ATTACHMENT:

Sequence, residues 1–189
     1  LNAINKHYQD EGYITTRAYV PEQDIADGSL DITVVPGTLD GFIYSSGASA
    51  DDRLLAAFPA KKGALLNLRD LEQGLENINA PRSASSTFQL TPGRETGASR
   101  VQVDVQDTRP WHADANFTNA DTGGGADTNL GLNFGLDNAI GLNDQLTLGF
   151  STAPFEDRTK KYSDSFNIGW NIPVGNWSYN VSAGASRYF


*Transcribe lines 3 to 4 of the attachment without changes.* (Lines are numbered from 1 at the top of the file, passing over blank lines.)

    51  DDRLLAAFPA KKGALLNLRD LEQGLENINA PRSASSTFQL TPGRETGASR
   101  VQVDVQDTRP WHADANFTNA DTGGGADTNL GLNFGLDNAI GLNDQLTLGF